A2 – The Irony of Satire: Political Ideology and the Motivation to See What You Want to See in “The Colbert Report.”

DOI: 10.1177/1940161208330904

Citation: LaMarre, H. L., Landreville, K. D., & Beam, M. A. (2009). The irony of satire: Political ideology and the motivation to see what you want to see in “The Colbert Report.” The International Journal of Press and Politics, 14(2), 212-231.

Abstract:

This study investigated biased message processing of political satire in The Colbert Report and the influence of political ideology on perceptions of Stephen Colbert. Results indicate that political ideology influences biased processing of ambiguous political messages and source in late-night comedy. Using data from an experiment (N = 332), we found that individual-level political ideology significantly predicted perceptions of Colbert’s political ideology. Additionally, there was no significant difference between the groups in thinking Colbert was funny, but conservatives were more likely to report that Colbert only pretends to be joking and genuinely meant what he said while liberals were more likely to report that Colbert used satire and was not serious when offering political statements. Conservatism also significantly predicted perceptions that Colbert disliked liberalism. Finally, a post hoc analysis revealed that perceptions of Colbert’s political opinions fully mediated the relationship between political ideology and individual-level opinion.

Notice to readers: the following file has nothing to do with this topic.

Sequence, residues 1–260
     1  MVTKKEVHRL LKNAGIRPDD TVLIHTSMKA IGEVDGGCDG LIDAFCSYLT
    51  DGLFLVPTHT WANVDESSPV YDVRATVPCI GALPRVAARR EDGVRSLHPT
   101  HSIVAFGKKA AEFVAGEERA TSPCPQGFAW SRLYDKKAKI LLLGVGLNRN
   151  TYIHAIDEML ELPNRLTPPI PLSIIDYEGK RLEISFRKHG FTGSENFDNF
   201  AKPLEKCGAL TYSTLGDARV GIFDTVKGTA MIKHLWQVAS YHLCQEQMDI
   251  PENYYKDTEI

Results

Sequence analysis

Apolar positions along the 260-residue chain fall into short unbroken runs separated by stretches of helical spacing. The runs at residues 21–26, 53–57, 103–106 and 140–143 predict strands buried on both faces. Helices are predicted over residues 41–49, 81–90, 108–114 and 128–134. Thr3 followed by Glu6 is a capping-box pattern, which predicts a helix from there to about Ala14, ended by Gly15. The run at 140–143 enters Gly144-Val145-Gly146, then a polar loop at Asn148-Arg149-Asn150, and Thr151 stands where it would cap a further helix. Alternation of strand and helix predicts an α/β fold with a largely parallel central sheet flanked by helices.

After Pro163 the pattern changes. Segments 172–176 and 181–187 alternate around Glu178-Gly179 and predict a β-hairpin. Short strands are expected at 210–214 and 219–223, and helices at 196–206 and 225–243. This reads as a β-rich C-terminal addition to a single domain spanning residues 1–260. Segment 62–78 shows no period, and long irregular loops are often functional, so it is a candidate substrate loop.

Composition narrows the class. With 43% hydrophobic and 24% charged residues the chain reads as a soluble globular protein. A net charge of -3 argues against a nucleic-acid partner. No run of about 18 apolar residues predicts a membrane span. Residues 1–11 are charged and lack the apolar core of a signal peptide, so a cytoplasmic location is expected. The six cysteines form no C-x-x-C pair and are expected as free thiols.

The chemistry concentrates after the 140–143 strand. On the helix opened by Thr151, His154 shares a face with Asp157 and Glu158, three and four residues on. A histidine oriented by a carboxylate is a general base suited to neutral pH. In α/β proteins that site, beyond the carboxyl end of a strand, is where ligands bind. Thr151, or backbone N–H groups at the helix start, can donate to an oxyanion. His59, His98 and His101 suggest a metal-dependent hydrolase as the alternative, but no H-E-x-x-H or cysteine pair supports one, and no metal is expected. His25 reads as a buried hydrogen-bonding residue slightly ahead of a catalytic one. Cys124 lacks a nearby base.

Blog Entry:

The Irony of Reporting

Press Coverage:

Malcolm Gladwell’s Revisionist History podcast
Chicago Tribune
Globe & Mail
Reuters
The Guardian
Crooks & Liars
Miller-McCune
Huffington Post

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